What isn't working out, however, is the shit state of denial (although "state of greed" is a more felicitous phrase) powerful people are in when it comes to controlling our climate in a responsible way, as opposed to the current ungrateful, hubristic track we're so boldly on. Below are a couple of articles I found interesting.  Perhaps the most important thing I read, while wondering if the giant tree outside could actually crash into my window, was the top article by Rebecca Solnit of

  • Climate Change:  War on the Poor which casually yielded this great piece of ancient wisdom (sorry in advance for the banal Confucius quoting, but it's such a good one):
“If language is not correct, then what is said is not what is meant; if what is said is not what is meant, then what must be done remains undone; if this remains undone, morals and art will deteriorate; if justice goes astray, the people will stand about in helpless confusion. Hence there must be no arbitrariness in what is said. This matters above everything.”

Friday, October 19, 2012

John Adams: Composing an American Life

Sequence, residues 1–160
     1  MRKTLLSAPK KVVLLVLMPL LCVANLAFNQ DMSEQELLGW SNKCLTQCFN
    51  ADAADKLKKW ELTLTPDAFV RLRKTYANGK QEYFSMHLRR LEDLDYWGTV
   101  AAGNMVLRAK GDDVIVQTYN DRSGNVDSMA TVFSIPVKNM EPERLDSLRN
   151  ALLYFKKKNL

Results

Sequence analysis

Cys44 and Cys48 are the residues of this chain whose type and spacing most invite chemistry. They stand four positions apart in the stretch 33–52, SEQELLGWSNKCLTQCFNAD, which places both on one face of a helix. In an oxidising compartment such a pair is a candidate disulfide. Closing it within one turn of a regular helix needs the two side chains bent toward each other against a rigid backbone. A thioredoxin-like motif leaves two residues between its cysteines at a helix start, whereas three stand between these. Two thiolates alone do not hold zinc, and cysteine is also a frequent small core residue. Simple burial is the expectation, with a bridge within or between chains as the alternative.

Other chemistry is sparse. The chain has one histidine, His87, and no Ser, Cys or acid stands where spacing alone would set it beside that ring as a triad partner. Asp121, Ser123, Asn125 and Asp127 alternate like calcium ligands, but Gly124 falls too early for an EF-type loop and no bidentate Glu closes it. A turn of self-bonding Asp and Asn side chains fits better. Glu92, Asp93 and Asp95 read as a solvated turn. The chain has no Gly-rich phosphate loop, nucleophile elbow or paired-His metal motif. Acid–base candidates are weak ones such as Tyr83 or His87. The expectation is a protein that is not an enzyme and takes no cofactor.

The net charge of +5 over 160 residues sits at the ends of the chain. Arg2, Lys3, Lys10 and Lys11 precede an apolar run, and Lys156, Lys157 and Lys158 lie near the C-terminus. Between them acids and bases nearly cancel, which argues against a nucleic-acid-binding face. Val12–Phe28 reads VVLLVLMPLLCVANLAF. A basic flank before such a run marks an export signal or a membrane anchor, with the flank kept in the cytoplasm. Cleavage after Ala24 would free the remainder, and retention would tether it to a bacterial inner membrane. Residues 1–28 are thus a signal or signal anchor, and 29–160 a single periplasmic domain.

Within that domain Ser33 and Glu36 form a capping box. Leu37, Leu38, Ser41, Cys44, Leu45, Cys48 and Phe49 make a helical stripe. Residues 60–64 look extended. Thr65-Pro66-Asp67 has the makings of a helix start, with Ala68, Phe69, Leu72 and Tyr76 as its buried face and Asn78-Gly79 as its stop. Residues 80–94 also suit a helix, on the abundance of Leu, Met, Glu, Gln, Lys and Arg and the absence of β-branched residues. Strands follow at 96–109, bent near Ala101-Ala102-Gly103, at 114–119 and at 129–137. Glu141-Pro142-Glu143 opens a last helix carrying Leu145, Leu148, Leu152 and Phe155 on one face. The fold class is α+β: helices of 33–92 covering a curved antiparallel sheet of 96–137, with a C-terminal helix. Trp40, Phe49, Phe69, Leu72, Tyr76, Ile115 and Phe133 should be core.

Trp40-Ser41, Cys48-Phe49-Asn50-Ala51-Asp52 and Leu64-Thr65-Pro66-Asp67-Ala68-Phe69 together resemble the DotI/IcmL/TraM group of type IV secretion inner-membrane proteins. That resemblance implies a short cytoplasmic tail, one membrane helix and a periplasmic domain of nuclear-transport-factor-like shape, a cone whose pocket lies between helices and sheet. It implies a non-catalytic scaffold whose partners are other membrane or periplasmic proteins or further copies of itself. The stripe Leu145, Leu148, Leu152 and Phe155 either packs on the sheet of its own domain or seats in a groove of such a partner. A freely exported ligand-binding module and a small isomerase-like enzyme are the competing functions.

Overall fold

My fellow Americans,

A fab discussion on art, music, culture in/and American life:

This bit is particularly relevant:

"... If Barack Obama or John Kerry, God forbid had said that they liked Beethoven, their poll numbers woulda dropped to the floor!...  We have this suspicion about culture.  That there's something vaguely subversive or morally lax about art... We're a country that was founded by religious zealots and venture capitalists... That lingering anti-intellectualism has great presence in America..."

What a great interview!

Tuesday, October 16, 2012

Saturday, October 13, 2012

Bacchus To The Future

You have to be always drunk. That's all there is to it--it's the only way.
So as not to feel the horrible burden of time that breaks your back and bends you to the earth, you have to be continually drunk.
But on what? Wine, poetry or virtue, as you wish. But be drunk.
And if sometimes, on the steps of a palace or the green grass of a ditch, in the mournful solitude of your room, you wake again, drunkenness already diminishing or gone, ask the wind, the wave, the star, the bird, the clock, everything that is flying, everything that is groaning, everything that is rolling, everything that is singing, everything that is speaking. . .ask what time it is and wind, wave, star, bird, clock will answer you: